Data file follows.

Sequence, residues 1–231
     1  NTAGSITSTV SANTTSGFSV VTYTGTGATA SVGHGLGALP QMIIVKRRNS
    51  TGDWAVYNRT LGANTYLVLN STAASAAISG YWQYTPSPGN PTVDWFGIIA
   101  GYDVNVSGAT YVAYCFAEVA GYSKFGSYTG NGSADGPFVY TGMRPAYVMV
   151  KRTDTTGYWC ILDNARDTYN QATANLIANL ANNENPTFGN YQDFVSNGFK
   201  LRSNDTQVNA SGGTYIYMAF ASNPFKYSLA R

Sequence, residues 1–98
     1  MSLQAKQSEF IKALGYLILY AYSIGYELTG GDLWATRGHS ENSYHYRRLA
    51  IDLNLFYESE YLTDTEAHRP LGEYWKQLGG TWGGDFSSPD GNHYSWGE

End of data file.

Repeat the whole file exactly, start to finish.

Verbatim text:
Sequence, residues 1–231
     1  NTAGSITSTV SANTTSGFSV VTYTGTGATA SVGHGLGALP QMIIVKRRNS
    51  TGDWAVYNRT LGANTYLVLN STAASAAISG YWQYTPSPGN PTVDWFGIIA
   101  GYDVNVSGAT YVAYCFAEVA GYSKFGSYTG NGSADGPFVY TGMRPAYVMV
   151  KRTDTTGYWC ILDNARDTYN QATANLIANL ANNENPTFGN YQDFVSNGFK
   201  LRSNDTQVNA SGGTYIYMAF ASNPFKYSLA R

Sequence, residues 1–98
     1  MSLQAKQSEF IKALGYLILY AYSIGYELTG GDLWATRGHS ENSYHYRRLA
    51  IDLNLFYESE YLTDTEAHRP LGEYWKQLGG TWGGDFSSPD GNHYSWGE